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Written for the Massachusetts Sabbath School Society, and

approved by the Committee of Publication.



Depository, No. 13 Cornhill.

184 7.


Entered, according to Act of Congress, in the year 1847,

BY CHRISTOPHER C. DEAN, In the Clerk's Office of the District Court of Massachusetts.


The first settlers of New England were remarkable men. They were raised up in Providence, for an important purpose ; were trained for it by a most extraordinary discipline; and bravely, nobly, did they accomplish their vocation. Their characters, on every account, are worthy of our study. The knowledge and the benefits of their example cannot be too widely extended. I was glad, therefore, when I saw it announced, more than a year ago, that the lives of some of the chief fathers of New England were to be published, in a series of volumes, by the Massachusetts Sabbath School Society. The volumes already published have been well received, and I only regret that the one herewith presented to the public, is so little worthy to have a place among them.

Increase Mather was not a literal Pilgrim, but the son of a Pilgrim. He was born in this country soon after its settlement, and here he spent almost the whole of his long and useful life. For more than sixty years together, he was literally a public man. He sustained the most important offices, both sacred and civil; was called to act in the most trying and responsible situations, and although we claim for him no exemption from the infirmities incident to fallen


human nature, yet it may be safely said, that to no one of her sons is New England, on the whole, more deeply indebted. A brief sketch of the life of Increase Mather, was given in a volume, entitled, “ The Mather Family,” published in 1843. The present Memoir, though containing some part of the former, is yet a very different work. It presents a much more full and particular account of the venerable Mather, being extended to not less than four times the same number of pages.

The first chapter of the present Memoir is chiefly occupied with biographical notices of Mr. Mather's father and brothers. My reasons for devoting so much space to them are, in brief, as follows:

In a series of volumes purporting to contain “ The Lives of the Chief Fathers of New England ;” it seemed quite indispensable that some account should be given of Richard Mather; and I knew not where a notice of him could be so well inserted, as here.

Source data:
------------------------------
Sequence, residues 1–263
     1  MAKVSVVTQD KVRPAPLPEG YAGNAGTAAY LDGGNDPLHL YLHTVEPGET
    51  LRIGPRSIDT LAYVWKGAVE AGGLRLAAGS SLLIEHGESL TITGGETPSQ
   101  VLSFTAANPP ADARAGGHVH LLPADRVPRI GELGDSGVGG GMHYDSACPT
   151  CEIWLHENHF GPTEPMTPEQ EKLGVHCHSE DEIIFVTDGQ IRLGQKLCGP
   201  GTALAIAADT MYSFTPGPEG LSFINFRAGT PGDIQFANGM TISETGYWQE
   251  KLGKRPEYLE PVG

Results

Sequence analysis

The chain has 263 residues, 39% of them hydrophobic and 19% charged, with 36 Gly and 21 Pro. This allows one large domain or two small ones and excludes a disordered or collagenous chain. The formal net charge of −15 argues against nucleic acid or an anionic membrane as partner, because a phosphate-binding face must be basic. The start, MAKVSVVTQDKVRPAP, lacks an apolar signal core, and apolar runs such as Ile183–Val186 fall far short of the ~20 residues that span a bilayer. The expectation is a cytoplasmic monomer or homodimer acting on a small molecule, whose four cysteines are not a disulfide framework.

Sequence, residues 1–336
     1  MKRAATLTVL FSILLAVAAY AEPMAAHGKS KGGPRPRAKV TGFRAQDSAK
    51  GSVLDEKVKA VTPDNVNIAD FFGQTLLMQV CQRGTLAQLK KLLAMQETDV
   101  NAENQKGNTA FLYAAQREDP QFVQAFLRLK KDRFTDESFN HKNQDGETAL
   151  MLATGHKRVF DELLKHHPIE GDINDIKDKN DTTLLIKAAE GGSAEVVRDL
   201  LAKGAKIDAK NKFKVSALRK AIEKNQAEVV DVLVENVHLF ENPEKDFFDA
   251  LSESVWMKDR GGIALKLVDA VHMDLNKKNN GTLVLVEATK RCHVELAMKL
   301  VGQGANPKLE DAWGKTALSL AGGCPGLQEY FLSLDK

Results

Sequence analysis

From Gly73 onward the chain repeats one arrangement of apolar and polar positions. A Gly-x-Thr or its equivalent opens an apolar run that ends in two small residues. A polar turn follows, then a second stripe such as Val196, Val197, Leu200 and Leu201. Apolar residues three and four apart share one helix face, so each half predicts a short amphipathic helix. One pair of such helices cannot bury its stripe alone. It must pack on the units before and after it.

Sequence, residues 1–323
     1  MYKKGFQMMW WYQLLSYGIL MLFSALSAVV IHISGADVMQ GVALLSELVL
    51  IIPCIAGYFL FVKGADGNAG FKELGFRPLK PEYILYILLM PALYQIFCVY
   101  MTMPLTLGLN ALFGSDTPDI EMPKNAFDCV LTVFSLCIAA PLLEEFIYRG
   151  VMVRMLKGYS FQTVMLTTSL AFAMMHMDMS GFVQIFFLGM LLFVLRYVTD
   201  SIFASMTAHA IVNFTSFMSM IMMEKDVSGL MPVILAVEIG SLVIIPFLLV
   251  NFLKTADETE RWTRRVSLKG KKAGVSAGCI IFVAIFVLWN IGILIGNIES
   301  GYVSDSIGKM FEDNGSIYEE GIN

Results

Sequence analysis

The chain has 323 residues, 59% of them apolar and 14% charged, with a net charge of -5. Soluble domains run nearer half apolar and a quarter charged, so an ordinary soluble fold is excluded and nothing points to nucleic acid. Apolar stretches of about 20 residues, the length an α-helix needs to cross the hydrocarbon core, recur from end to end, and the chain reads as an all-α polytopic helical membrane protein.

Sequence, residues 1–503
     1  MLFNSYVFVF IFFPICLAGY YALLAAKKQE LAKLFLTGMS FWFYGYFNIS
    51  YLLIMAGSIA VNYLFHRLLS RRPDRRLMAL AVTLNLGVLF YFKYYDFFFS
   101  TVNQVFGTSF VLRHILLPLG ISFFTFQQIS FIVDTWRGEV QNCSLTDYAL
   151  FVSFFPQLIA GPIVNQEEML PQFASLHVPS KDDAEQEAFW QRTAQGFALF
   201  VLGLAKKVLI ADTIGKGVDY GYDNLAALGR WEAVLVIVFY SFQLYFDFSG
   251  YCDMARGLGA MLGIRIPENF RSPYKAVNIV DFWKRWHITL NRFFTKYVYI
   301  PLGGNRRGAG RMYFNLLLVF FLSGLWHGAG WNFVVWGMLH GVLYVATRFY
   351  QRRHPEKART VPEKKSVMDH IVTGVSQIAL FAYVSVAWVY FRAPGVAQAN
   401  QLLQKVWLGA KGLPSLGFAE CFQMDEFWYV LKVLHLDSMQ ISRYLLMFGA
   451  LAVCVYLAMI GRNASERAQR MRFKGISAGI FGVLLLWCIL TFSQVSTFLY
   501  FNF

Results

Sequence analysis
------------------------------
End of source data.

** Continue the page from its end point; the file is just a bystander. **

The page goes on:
Then the life of Increase Mather is so intimately connected with that of his father and brothers, that, in order to a right understanding of the former, the reader needs, and must have, some acquaintance with the latter.

It is to be considered, too, that the Mather family was a remarkable one, more especially in its first generations ;-one which exerted a controlling influence on both the civil and religious affairs of New England ; and it seemed proper to preface the Memoir of the more distinguished member of it with a short introduction to the family in general. At the same

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time, it is hoped that the notices inserted are not without some interest in themselves, and will not be unprofitable to those who read them.

The second Memoir in the volume is that of the first Provincial Governor, Sir William Phipps. He was cotemporary with Increase Mather, though a little younger ; and the two were associated in some of the more important transactions of their lives. It is fitting, therefore, that their Memoirs should stand together.

Sir William Phipps was in the strictest sense, what is sometimes called a self-made man.

He commenced life under the most forbidding circumstances, and rose by his own exertions to the possession, not only of a large estate, but of the highest honors to which, in this country, he could at that time aspire. And yet he died at the early age of forty-four. The study of such a life and example cannot but be useful, more especially to the young. It will not be without interest, I hope to all.

In conclusion, I would humbly commit the volume to God, and under him to the Sabbath School Libraries, earnestly hoping that it may contribute to make known the deeds of our worthy ancestors, and to extend and perpetuate the benefits of their example.


Bangor, April, 1847.

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